The more time people spend on Facebook, the higher the risk of suffering from depression, a study has found.
The study by researchers at Nanyang Technological University also found that those with signs of depression linked to Facebook use go on to spend even more time on the social networking site – and sink deeper into a vicious circle of depression.
The Singapore-wide online study started in 2016 with 1,240 people aged between 18 and 64. In the three years it took to finish, participants dropped out for a host of reasons and only 355 responses were valid for use in the study.
The findings were published last month by Associate Professor Edson C. Tandoc Jr and research fellow Zhang Hao Goh, who are from the NTU Centre for Information Integrity and the Internet or In-Cube.
Their study also found that more Facebook use triggered higher levels of envy, which then led to feelings of depression.
Prof Tandoc, who is the In-Cube director and also teaches at the NTU Wee Kim Wee School of Communication and Information, said: “Social rank theory says we engage in social comparison, which is something we cannot escape because it’s how we make sense of our own social identity.
“But this process of comparison can lead to us feeling down when we see someone having more resources than we do.”
Education Minister Chan Chun Sing, in a dialogue with students last month, said social media use can invoke a fear of missing out – or Fomo in common usage – and comparison among teenagers when they see peers having fun.
In 2017, Facebook was the top social media app used in Singapore, said a Reuters Institute Digital News Report. Last year, the social networking site became Singapore’s most used social media application after WhatsApp, which is also owned by Facebook.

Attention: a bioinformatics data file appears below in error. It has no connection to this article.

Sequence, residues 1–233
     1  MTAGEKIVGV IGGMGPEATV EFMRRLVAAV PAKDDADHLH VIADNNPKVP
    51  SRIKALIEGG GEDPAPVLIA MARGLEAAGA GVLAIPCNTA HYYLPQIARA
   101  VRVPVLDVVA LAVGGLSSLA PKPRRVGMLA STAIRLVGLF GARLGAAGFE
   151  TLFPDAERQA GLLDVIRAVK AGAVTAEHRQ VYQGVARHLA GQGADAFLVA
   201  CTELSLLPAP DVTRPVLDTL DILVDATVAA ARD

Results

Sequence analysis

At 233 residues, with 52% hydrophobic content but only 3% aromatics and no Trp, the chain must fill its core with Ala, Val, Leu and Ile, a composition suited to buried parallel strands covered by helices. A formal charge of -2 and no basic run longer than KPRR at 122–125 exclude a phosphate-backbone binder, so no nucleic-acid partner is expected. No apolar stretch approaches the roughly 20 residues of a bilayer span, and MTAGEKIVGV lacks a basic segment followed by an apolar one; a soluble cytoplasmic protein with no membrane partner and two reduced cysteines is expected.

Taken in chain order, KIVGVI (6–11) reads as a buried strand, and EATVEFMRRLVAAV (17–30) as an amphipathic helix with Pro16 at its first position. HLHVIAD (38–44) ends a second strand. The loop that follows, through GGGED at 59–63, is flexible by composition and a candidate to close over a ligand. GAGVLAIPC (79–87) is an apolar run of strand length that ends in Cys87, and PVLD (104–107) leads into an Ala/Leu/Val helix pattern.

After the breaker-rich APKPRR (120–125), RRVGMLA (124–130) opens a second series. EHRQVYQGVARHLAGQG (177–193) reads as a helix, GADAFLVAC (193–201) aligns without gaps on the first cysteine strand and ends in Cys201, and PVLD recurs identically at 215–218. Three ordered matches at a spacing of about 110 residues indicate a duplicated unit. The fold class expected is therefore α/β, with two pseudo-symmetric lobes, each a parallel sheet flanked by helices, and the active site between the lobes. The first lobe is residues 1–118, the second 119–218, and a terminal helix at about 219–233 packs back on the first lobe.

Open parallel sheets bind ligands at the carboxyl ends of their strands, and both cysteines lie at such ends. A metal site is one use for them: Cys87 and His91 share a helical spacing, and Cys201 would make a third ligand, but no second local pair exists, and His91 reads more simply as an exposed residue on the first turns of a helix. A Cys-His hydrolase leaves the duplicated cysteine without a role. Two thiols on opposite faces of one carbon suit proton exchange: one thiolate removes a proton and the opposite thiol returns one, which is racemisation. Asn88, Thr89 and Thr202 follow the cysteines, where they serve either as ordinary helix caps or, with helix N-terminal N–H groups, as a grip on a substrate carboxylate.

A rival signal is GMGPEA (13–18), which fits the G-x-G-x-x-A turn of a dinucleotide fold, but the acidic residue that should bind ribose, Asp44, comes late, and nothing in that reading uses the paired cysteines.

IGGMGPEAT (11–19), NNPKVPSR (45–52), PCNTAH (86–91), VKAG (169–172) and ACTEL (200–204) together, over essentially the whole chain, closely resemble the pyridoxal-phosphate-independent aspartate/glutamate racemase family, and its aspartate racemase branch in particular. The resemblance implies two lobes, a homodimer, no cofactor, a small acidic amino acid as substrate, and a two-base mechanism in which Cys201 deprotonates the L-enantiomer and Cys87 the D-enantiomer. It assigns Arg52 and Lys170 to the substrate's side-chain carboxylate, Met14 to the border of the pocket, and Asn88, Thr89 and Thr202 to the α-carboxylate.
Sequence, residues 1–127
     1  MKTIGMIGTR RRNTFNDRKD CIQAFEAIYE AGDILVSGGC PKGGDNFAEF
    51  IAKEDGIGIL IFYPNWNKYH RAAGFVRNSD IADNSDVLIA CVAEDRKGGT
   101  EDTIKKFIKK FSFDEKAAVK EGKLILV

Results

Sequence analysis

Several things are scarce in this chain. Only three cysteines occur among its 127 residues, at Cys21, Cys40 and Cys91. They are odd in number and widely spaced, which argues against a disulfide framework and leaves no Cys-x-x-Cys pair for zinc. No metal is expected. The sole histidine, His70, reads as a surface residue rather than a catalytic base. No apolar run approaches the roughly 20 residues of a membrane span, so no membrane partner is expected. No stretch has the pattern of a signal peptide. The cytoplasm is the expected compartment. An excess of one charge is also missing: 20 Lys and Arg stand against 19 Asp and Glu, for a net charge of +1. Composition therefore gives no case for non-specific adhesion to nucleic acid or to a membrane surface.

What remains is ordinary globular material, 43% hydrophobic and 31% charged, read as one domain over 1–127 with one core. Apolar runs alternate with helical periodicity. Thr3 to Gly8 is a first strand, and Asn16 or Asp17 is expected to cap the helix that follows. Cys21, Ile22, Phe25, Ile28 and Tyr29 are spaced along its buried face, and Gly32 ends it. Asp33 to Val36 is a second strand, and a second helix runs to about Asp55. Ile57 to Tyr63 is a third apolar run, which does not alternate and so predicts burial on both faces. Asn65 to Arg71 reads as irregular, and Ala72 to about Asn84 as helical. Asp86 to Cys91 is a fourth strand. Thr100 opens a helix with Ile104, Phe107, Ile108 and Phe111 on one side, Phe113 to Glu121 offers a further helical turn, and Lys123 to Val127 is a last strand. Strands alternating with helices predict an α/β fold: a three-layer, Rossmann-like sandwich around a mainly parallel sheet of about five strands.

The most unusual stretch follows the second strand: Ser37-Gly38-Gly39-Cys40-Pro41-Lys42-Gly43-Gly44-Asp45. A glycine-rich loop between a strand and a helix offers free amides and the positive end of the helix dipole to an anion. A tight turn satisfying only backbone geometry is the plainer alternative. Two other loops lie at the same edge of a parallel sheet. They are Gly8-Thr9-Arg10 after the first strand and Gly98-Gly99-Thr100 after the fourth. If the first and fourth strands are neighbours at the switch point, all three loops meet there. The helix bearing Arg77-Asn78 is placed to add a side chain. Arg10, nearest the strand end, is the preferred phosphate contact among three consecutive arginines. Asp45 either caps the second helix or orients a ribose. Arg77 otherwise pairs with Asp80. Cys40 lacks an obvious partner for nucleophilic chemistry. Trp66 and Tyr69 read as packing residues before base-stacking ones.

The NTU study draws parallels to a similar study involving 736 college students in the United States that Prof Tandoc co-wrote. The US study found that passive Facebook use like viewing a friend’s photos or scrolling through news items on the platform could lead to depression in more envious participants.
However, no significant difference between passive Facebook use and actively posting on the platform was observed among Singapore residents, said Prof Tandoc.
While younger and more educated participants in Singapore reported higher levels of Facebook use and depression, Prof Tandoc said the impact of age and education levels was marginal.
In the NTU study, participants aged between 18 and 65 spent an average of about two and a half hours on Facebook daily.
When respondents indicated they were feeling envious, there was a stronger relationship between Facebook use and signs of depression.
Participants, the study found, were then likely to use the app even more, instead of stopping.
Counsellor Edmund Chong, from online counselling service Talk Your Heart Out, said comparing oneself with others on the Internet has a twofold effect because people perceive only the good side of others and might feel inferior as a result.
This can also compel them to present the best version of themselves when they see others leading a life that appears ideal.
He said: “When we see the good side of other people, we feel the pressure to be richer, more beautiful, successful and have more followers.”
Mr Chong added that the people he sees have depression caused by issues like conflict with others or acute environmental stress factors like retrenchment or major illness. However, social media is a common contributing factor that worsens the stress, he said.
Seeking recognition and validation on social media, people get upset when they do not get as many likes and comments as they hoped for, he added.
The solution to the problem lies with those who use social media, said Mr Chong.
Self-awareness, he added, is the first step in curbing the negative impact of social media.
He said: “When we are aware of our motivation, triggers, likes, dislikes and intention of using social media, we are less affected by it.
“We have to constantly remind ourselves that we are in some ways similar to everyone else on social media. Even in happy families, there can be arguments, disagreements or feelings of resentment.”
This article was first published in The Straits Times.